Oromo refugees also reported attempts by Ethiopian officials to recruit them as informants in Nairobi’s Oromo community, promising land, protection, money, and even resettlement to the United States or elsewhere
By Charlie Ensor (IRIN) |
Ethiopian Oromo refugees fleeing to Kenya to escape persecution say they are finding life on the streets of Nairobi no better than the insecurity they left behind, as they are targeted by bribes and harassment and forced into vast camps with few prospects or protections.
The Oromo are Ethiopia’s largest ethnic group but have long complained of political and economic marginalization at the hands of the country’s ruling party, which is dominated by a minority ethnic group, the Tigrayans.
Following 2016 protests demanding political reform, which resulted in a state of emergency and the deaths of more than 600 in the security crackdown, thousands of Oromo made their way to neighboring Kenya seeking asylum and refuge.
The rights group has also documented “confessions” by Kenyan police officers in which they admit to being offered bribes by the Ethiopian embassy to detain and intimidate Oromo refugees.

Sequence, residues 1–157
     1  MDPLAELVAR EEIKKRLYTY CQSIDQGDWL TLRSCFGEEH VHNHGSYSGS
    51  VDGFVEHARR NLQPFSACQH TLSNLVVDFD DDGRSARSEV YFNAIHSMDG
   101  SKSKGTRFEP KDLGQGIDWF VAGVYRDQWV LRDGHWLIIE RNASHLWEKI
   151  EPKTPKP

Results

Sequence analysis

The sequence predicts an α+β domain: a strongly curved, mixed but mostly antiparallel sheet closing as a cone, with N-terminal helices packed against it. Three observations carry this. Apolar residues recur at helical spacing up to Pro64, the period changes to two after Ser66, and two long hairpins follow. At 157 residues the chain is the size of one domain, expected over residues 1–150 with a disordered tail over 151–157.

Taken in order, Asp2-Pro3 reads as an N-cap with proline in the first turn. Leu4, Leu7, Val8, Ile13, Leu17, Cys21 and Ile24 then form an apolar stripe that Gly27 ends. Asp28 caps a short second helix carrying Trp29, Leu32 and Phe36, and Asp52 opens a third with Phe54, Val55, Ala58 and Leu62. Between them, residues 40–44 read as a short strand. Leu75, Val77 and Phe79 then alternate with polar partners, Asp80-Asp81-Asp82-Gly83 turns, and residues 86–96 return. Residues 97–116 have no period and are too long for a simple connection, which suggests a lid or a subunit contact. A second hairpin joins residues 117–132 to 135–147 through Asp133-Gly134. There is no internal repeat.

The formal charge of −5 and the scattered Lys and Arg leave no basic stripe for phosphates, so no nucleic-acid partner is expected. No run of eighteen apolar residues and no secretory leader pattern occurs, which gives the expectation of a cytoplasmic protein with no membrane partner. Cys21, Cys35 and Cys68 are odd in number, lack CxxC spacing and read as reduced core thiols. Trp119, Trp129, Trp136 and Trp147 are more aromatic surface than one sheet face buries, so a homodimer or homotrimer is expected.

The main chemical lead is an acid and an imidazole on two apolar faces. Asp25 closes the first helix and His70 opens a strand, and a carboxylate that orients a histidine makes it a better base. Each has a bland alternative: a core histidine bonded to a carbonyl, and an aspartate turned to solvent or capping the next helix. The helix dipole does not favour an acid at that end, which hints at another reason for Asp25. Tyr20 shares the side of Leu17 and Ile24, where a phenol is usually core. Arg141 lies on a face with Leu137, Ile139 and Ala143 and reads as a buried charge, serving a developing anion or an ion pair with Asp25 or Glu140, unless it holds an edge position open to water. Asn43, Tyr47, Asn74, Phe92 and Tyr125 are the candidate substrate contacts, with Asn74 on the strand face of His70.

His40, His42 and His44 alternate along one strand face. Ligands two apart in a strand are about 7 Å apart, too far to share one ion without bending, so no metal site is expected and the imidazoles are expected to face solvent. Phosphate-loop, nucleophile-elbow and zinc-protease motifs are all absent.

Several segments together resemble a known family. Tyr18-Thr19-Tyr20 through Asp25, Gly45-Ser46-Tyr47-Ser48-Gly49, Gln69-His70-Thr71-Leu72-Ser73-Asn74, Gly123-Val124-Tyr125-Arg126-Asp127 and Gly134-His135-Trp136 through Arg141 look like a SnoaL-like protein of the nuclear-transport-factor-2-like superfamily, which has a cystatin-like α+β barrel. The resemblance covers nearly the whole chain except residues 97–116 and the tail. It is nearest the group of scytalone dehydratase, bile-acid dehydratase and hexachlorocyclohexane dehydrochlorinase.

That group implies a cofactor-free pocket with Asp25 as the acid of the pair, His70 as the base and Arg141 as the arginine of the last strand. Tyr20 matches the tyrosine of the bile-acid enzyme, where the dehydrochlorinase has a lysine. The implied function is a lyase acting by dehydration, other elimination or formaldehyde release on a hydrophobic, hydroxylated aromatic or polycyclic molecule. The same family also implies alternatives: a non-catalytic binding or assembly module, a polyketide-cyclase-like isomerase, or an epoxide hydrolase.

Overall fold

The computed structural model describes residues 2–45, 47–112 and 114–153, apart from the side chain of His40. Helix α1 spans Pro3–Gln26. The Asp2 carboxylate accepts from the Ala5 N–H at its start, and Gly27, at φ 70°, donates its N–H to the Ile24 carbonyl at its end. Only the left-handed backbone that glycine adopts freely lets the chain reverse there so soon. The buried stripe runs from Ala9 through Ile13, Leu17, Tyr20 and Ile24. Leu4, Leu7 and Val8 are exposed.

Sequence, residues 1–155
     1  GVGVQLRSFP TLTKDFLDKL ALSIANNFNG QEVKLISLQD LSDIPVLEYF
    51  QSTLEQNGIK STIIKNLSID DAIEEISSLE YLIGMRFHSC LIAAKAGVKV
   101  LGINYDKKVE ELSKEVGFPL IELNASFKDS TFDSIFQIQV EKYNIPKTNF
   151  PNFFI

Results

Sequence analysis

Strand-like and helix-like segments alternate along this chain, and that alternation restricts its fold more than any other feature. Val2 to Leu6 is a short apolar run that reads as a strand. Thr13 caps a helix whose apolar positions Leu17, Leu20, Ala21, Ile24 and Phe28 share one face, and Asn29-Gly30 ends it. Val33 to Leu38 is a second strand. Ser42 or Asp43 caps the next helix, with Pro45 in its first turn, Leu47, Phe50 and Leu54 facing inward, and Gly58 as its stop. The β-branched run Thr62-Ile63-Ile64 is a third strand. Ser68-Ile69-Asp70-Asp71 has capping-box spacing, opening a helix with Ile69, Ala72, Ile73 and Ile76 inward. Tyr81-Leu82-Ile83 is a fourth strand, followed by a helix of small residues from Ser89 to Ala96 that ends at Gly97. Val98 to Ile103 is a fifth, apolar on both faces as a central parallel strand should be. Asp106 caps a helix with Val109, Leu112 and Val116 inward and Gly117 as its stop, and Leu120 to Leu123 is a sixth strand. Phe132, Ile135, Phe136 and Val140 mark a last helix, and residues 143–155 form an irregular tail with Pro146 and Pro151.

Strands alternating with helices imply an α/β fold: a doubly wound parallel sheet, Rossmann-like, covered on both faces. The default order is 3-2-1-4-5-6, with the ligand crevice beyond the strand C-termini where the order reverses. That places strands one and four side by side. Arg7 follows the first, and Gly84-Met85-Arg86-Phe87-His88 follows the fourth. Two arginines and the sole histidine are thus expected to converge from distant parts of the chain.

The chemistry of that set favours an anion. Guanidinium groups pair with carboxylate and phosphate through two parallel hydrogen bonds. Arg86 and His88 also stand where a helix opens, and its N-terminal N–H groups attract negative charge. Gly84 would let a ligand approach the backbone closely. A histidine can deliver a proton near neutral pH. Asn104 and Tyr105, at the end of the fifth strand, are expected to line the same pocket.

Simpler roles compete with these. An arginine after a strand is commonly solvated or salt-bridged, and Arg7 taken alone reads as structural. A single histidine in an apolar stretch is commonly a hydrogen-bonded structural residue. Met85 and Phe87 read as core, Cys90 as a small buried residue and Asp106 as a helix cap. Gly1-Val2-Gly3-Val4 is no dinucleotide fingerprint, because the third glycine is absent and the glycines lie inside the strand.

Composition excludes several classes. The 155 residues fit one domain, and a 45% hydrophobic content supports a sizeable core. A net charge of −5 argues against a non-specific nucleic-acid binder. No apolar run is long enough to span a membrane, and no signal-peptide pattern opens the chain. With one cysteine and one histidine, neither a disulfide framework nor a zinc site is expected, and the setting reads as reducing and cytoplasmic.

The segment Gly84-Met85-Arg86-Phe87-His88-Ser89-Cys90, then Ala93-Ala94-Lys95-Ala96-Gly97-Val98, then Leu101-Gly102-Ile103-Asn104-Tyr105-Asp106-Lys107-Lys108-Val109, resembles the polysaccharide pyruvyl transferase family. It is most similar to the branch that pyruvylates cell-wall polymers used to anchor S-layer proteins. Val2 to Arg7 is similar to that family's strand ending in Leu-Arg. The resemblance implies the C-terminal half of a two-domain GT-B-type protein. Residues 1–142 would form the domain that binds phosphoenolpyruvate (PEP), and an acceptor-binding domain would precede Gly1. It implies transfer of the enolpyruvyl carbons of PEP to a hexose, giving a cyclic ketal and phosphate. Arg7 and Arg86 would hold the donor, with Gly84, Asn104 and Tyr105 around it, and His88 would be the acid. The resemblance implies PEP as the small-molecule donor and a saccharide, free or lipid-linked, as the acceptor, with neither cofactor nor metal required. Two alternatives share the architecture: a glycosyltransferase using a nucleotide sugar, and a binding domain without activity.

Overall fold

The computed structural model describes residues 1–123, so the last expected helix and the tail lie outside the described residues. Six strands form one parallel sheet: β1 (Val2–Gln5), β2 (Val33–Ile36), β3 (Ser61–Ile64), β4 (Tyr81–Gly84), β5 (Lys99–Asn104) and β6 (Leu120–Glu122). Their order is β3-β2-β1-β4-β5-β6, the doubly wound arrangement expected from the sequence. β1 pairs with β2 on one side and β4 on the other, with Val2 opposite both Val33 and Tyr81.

“When I came to Kenya I thought that I would be protected and would be able to start a new life,” said former Oromo politician “Tolessa”, who requested his identity be protected.
“[But] what I’m facing here is no different from what I was facing at home,” he told IRIN. “My future here isn’t very bright.”
Full of “spies”
Oromo refugees also reported attempts by Ethiopian officials to recruit them as informants in Nairobi’s Oromo community, promising land, protection, money, and even resettlement to the United States or elsewhere, Human Rights Watch noted.
“There are a lot of Ethiopian spies here in Nairobi,” one refugee, a former Ethiopian intelligence officer, alias “Demiksa”, told IRIN.
Now a senior dissident, “Demiksa” related what had happened to him back in Ethiopia.
He said that after refusing orders to torture prisoners held in Addis Ababa’s infamous Maekelawi prison, he was accused of being an opposition collaborator, detained, and then tortured himself.
Continue reading this story at IRIN
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